Cat Shelter Makeover
For those of us that love cats and harbour interior design aspirations, this Cat Shelter Makeover will stoke the creative fires!
Mario Arbore of cat furniture design company Square Paws landed a dream job when he took on a major renovation project for the Patricia H. Ladew Foundation’s cat sanctuary in historic Oyster Bay, NY.
Dr. Susan Whittred, the Executive Director at Ladew, had seen Arbore’s work in the Billy Joel rooms at North Shore Animal League America in Port Washington, NY, and tapped him to lead the project. Acting as the interior design architect as well as millworker, Arbore was tasked with creating a dream interior for cats inside a historic house. The results could not be groovier.
Problem: Cat rooms in desperate need of a design update; trashed, carpeted cat furniture in need of replacement/rethinking.
Brief: Refresh four free-roaming cat rooms, plus provide more washable and sustainable cat furniture via free-standing and built-in items.
Design intent: Create a neutral colour environment on the walls (help the adoptable cats stand out!) and use the client’s signature blue and green colours in combination with natural wood finishes and newly added warm orange and red colors as accents in the spaces.
“I asked Susan for some background on Patricia Ladew,” says Arbore. “I learned that Pat was an heiress to the Standard Oil fortune. Although Pat had broken away from her family’s pedigree and blazed a path as an artist, she unexpectedly found herself with new-found money in the 1970’s and decided to use her inheritance to buy this old house, pay two caretakers to live upstairs, and have the downstairs reserved for homeless and special needs cats that she and her friends had been saving in the New York/Long Island area. The NYC tabloids labeled Pat an ‘eccentric’ heiress, which was an unfair exaggeration. For Pat to allow these cats to roam the house freely was a forward idea in the 70’s—she was way ahead of her time!”
“Allegorically, we were taking a cue from the media flack that Pat Ladew received in the 70s when she bought the property as
a sanctuary for stray and homeless cats”
Cool detail: They were able to get in touch with an old friend of Pat Ladew’s, designer Anders Wenngren, who compiled a really cool graphic of all the articles as a tribute to Pat in one of the rooms.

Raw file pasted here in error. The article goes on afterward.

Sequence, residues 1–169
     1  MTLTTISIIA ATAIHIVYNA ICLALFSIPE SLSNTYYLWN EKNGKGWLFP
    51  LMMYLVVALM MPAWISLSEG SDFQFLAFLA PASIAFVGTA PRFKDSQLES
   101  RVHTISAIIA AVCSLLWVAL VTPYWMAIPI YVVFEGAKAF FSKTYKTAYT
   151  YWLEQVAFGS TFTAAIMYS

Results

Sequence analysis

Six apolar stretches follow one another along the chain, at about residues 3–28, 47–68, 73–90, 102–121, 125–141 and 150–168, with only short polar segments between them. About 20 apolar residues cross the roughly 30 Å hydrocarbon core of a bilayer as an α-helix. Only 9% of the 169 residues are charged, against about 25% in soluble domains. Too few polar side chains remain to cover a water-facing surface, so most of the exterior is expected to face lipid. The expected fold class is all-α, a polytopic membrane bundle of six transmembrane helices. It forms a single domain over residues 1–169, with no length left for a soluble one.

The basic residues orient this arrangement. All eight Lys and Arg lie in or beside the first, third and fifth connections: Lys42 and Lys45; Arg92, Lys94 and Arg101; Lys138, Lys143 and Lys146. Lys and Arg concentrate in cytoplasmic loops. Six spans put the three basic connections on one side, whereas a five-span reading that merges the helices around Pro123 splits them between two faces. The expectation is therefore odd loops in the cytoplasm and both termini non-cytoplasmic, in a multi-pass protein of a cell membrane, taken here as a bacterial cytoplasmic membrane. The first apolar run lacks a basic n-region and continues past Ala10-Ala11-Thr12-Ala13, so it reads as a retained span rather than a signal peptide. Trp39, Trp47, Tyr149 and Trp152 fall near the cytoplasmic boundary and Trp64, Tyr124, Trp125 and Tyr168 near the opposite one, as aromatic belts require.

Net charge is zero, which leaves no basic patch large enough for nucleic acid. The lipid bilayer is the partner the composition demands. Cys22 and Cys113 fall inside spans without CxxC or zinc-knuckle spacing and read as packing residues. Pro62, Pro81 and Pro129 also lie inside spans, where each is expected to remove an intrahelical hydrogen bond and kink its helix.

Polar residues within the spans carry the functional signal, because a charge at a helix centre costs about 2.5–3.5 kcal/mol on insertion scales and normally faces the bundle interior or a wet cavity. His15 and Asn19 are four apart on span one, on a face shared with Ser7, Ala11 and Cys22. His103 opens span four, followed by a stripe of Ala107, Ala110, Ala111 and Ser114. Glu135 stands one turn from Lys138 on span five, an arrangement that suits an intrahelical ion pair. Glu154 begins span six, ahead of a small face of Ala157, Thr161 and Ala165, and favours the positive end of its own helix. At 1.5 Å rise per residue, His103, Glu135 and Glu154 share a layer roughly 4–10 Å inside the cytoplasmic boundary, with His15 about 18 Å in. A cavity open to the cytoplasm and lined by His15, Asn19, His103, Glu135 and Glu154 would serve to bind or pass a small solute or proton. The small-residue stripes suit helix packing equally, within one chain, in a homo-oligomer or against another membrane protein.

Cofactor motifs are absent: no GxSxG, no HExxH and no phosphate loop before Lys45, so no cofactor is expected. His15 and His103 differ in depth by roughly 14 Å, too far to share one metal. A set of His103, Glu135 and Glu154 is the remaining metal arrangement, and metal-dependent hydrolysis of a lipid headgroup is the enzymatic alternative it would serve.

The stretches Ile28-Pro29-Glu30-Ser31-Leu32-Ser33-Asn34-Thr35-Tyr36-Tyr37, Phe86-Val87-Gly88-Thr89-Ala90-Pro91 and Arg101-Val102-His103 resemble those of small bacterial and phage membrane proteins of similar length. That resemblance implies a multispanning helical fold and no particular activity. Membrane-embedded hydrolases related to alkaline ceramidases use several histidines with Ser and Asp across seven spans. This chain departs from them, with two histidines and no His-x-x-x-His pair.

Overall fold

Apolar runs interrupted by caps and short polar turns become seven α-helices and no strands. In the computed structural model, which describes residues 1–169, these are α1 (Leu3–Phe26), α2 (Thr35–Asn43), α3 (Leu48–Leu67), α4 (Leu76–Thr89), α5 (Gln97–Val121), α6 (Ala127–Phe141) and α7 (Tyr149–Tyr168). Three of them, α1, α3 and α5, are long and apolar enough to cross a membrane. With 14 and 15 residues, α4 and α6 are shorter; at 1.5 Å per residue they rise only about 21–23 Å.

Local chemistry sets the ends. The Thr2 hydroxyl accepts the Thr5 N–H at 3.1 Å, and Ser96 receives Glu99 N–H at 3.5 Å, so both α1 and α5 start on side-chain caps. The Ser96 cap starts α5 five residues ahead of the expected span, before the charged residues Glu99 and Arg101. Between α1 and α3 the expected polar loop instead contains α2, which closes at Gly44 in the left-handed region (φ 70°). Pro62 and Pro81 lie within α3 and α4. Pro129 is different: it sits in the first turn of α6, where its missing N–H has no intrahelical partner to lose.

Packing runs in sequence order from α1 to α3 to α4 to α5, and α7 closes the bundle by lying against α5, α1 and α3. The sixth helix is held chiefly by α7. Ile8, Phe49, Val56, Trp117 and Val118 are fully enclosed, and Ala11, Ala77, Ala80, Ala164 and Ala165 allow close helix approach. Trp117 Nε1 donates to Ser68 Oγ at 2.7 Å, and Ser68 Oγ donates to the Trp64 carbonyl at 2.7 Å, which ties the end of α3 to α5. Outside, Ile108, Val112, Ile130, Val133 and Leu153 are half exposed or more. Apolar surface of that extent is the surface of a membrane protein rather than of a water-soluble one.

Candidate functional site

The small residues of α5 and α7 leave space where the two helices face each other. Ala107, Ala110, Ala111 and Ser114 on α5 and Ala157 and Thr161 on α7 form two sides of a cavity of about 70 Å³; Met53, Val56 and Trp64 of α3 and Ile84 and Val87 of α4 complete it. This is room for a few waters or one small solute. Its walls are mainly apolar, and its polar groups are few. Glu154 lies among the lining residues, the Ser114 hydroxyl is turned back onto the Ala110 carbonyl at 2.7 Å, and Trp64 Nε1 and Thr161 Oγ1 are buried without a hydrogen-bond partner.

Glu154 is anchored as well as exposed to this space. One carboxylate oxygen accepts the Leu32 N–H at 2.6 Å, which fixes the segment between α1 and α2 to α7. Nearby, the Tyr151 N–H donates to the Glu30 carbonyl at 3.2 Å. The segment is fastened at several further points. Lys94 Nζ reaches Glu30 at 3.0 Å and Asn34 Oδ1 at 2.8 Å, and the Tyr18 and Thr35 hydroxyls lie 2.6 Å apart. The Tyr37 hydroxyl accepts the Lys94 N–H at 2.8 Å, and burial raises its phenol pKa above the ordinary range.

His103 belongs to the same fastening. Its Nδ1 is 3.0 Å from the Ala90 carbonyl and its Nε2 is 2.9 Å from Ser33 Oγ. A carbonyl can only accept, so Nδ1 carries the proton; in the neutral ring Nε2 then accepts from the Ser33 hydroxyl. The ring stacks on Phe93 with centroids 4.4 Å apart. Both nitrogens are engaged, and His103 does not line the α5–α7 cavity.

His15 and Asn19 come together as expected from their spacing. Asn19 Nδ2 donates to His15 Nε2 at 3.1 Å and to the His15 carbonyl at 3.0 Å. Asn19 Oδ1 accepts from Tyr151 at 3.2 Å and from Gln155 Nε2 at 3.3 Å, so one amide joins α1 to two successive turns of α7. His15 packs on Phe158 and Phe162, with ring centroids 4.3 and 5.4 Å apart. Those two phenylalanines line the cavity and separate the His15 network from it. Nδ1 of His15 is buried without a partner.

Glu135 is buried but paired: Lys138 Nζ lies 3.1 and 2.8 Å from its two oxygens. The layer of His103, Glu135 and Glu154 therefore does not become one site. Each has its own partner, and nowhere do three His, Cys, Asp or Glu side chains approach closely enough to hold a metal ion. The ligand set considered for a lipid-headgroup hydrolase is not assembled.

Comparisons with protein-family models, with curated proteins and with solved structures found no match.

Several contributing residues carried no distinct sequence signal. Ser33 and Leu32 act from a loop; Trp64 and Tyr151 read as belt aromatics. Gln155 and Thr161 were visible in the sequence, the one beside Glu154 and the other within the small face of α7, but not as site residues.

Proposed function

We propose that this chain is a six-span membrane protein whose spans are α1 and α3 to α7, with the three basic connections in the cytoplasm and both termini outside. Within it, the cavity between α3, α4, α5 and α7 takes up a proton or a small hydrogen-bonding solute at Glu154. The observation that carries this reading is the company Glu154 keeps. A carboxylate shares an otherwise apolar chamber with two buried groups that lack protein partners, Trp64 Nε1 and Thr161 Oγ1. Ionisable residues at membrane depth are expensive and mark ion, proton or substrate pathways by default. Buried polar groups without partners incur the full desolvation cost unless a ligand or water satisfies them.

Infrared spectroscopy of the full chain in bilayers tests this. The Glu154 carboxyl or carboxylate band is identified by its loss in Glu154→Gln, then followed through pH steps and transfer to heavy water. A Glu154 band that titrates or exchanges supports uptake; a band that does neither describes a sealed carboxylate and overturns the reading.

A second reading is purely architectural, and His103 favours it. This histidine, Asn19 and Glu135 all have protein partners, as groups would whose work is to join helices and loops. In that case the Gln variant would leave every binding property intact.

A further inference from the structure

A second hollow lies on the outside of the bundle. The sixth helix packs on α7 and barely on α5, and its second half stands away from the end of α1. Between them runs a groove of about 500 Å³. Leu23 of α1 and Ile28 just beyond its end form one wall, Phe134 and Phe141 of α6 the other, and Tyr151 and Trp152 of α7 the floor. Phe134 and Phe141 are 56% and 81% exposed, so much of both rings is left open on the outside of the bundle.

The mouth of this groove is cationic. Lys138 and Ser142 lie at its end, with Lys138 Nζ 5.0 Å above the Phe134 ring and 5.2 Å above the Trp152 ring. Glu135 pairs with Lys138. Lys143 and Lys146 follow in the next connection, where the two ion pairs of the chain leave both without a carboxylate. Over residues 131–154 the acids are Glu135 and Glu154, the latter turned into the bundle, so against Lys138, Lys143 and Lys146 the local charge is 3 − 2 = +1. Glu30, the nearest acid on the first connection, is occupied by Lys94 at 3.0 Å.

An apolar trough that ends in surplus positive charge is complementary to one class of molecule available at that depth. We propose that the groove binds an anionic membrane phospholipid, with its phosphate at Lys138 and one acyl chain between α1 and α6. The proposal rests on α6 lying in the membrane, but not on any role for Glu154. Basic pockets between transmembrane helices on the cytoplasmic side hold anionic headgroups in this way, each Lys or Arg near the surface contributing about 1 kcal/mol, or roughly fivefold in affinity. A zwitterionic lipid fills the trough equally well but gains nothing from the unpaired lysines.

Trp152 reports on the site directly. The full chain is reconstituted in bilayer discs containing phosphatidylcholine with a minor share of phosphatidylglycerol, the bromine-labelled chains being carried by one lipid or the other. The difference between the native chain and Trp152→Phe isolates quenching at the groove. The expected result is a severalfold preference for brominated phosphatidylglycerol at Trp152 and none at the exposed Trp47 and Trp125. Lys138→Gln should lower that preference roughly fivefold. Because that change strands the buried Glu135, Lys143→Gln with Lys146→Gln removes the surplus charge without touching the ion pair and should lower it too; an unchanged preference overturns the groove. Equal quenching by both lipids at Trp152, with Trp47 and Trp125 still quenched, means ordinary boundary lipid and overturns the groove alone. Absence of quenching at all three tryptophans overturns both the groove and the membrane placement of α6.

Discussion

Arbore proposed to Dr. Whittred and the Board that they do a kind of “retrovation”—to renovate, but in a way that was very retro in style, and to make it seem like the cats were just an average suburban family that owned this house.
“We wanted it to appear somewhat ‘locked’ in time, somewhere in the 1970s with various fixtures and furniture that were eclectic of the 50s, 60s and 70s, mostly in a mid-century modern style,” says Arbore. “And the fable we created was that the husband of this cat-family was an Oyster Bay fisherman, a somewhat bygone occupation in that area these days.”
The board loved the idea and the project was greenlit—the reno was underway!
The reaction: During an early tour of the almost-complete renovation, one of the folks walking through—apparently more of a “dog person” than a “cat person”—ended up feeling a connection with one of the kitties and subsequently adopted her, says Arbore. “That’s always our ultimate goal with renovations like this,” he says. “If we can create spaces that entice people to come and explore and linger a little, then the chances of cat adoptions are multiplied. If we can make that kind of difference, then we’ve done our job.”
Verdict: “It is better than I could have imagined. Everything is super easy to clean and looks amazing,” says Dr. Whittred. “The cats are having a great time exploring and they have plenty of cubbies and spaces for alone time if they choose. We couldn’t be happier!”